Report: Consumers Want Significant Discounts For Energy Efficiency

The big news from the smart grid future? Consumers don’t want an electricity allowance unless there’s some kick-back in terms of their bill, according to a report issued today by Accenture. Unsurprisingly, the report found that almost half of consumers would be deterred from joining electricity management programs if their electricity bills were to increase as a result.

The study, entitled “Understanding Consumer Preferences in Energy Efficiency,” was based on a global survey of more than 9,000 consumers in 17 countries and will no doubt be scrutinized by utility companies the world over in developing electricity management plans by which to meet the greenhouse gas reductions increasingly mandated by governments. The study found that while some consumers are open to the idea of moving to plans in which suppliers can actively help households use energy more efficiently through the remote limiting of when home appliances are used — they demand large price discounts in return.

Appliances

image via Carter Services

Here’s how the numbers break down: only 16% of consumers said they would allow electricity providers to remotely limit their use of certain household appliances if they have no option to reverse the action taken by the provider and if no price discount were offered; with a 10% price discount, one in four respondents said they would give utilities such control; with a 20% price discount, one in three respondents agreed. The study also shows considerable confusion amongst consumers when it comes to energy management plans and their price implications, as well as a desire to conserve energy (while saving money) not for the sake of the utility, but for the sake of the environment.  A third were also concerned about giving their electricity provider greater access to their personal electricity consumption data.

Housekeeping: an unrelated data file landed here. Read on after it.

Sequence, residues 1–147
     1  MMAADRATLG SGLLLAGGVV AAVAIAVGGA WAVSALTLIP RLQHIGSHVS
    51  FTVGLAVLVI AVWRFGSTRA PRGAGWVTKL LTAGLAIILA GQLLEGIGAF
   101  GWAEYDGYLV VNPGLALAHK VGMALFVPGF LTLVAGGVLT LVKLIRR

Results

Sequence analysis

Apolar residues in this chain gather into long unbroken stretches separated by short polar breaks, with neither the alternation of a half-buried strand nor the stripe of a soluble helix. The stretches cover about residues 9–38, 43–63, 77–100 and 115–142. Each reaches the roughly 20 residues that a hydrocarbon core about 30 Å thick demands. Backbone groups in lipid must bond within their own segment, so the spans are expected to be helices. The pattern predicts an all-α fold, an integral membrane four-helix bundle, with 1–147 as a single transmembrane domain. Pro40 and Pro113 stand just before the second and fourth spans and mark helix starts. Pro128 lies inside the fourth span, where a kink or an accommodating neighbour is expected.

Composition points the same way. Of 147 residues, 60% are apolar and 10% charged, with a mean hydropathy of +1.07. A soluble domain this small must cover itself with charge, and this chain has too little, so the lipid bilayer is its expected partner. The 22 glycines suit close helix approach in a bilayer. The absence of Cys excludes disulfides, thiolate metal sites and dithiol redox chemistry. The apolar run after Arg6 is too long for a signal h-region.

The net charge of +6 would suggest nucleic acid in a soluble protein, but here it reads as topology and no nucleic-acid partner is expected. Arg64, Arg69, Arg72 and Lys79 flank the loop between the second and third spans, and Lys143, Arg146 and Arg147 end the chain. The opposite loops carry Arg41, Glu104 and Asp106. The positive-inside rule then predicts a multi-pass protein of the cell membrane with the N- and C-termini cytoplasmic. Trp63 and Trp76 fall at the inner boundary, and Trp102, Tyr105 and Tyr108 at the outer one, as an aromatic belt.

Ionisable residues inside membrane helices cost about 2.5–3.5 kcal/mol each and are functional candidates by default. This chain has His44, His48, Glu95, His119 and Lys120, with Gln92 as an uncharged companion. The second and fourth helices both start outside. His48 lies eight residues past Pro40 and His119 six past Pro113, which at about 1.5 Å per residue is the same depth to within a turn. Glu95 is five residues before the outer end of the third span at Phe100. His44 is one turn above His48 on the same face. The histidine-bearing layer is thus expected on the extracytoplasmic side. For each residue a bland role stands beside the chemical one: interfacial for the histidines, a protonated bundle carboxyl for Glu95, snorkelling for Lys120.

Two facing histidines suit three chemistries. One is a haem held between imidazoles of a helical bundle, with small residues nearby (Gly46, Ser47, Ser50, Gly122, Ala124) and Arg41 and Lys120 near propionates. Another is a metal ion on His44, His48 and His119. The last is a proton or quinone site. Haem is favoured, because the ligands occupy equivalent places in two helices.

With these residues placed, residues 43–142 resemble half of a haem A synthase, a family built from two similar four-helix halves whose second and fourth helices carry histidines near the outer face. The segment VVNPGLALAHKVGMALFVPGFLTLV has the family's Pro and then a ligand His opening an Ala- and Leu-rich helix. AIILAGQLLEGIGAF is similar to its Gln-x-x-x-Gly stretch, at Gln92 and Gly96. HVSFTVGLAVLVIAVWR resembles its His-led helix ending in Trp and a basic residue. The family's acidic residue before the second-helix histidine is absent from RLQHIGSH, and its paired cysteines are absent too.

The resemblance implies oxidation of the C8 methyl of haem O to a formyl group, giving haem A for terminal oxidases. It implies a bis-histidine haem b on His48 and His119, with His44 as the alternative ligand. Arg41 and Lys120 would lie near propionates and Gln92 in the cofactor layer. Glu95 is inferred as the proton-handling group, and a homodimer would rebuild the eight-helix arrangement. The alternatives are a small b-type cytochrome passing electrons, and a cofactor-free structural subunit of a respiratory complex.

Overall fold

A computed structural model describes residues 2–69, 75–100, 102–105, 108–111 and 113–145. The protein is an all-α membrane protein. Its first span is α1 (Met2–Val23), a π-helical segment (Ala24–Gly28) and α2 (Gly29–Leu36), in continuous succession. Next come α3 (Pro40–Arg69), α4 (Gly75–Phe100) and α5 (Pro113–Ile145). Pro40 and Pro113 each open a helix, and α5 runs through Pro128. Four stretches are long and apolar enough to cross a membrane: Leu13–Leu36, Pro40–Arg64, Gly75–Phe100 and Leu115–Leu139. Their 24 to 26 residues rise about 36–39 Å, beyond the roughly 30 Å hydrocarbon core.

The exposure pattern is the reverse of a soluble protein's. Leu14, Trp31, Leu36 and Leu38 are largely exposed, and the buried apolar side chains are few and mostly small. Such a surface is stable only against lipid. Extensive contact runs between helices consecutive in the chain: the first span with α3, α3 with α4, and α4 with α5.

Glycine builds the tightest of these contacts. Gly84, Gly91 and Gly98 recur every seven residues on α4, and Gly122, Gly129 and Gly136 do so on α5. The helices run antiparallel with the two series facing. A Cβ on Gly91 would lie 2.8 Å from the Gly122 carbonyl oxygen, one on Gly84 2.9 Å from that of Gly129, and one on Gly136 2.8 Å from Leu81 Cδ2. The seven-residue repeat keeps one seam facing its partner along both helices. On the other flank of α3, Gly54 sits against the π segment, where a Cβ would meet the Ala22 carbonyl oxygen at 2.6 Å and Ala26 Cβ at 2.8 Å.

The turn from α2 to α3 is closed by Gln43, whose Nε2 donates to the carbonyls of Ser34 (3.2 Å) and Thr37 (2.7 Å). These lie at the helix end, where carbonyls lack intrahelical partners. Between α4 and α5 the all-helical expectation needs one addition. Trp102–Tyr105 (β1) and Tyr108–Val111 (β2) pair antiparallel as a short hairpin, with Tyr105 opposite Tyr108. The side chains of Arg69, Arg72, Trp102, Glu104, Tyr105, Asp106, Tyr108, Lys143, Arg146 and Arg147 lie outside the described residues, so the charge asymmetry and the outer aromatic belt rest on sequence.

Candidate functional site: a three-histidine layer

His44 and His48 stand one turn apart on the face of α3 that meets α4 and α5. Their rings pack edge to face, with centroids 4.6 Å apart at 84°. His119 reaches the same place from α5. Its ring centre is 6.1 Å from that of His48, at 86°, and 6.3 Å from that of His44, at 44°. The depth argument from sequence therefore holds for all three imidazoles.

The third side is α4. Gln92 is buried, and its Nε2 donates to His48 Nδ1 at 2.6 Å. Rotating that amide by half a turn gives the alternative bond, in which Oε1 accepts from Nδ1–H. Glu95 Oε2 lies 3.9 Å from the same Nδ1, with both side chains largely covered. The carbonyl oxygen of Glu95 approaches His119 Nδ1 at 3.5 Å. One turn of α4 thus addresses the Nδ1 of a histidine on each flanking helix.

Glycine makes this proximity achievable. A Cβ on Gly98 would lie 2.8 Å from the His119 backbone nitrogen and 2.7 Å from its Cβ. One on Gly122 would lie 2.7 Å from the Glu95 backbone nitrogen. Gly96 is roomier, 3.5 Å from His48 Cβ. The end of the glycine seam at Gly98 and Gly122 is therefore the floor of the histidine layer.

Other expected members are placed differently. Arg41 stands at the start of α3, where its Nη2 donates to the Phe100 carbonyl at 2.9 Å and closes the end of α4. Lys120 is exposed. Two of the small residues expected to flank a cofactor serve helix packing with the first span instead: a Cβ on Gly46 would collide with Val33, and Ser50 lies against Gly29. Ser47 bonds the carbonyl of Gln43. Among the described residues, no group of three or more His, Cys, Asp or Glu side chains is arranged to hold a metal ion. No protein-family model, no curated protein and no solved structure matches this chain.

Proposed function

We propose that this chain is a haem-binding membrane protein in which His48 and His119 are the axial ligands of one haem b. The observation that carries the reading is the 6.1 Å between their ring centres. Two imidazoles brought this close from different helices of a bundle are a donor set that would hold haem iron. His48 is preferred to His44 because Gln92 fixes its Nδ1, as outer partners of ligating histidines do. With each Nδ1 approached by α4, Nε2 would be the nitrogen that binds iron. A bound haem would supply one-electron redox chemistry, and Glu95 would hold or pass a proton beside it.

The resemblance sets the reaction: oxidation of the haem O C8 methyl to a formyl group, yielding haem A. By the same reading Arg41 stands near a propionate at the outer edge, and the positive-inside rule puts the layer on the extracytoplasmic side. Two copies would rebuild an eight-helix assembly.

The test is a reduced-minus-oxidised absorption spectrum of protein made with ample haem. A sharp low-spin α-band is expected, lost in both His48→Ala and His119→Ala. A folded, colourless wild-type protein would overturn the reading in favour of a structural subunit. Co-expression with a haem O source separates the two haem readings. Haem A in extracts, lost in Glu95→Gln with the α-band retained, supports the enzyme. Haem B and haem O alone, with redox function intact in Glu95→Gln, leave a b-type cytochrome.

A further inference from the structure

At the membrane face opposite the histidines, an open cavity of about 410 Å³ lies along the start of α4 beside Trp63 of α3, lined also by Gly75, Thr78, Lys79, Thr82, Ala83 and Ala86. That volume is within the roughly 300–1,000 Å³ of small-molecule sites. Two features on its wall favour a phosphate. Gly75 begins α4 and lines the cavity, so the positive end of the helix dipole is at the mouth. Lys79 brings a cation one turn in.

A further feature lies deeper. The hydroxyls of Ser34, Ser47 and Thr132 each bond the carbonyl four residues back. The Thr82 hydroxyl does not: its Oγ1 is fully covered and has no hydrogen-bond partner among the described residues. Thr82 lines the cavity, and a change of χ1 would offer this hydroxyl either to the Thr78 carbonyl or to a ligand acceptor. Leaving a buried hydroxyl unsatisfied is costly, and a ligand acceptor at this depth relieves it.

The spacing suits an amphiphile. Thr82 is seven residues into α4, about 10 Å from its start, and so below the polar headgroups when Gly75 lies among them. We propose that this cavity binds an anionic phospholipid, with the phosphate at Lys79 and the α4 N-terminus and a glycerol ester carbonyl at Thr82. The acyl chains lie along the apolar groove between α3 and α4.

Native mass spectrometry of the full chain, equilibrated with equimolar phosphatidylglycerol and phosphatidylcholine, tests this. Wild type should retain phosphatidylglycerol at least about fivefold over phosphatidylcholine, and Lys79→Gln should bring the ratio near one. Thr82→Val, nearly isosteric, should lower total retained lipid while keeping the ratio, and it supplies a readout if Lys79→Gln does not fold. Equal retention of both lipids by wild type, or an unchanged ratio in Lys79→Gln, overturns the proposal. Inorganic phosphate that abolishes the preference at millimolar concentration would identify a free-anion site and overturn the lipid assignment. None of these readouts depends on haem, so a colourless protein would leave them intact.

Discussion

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Susan DeFreitas has covered all manner of green technology for EarthTechling since 2009. She is a graduate of Prescott College for the Liberal Arts and the Environment, and has a background in marketing green businesses. Her work on green living has been featured in Yes! Magazine, the Utne Reader and Natural Home.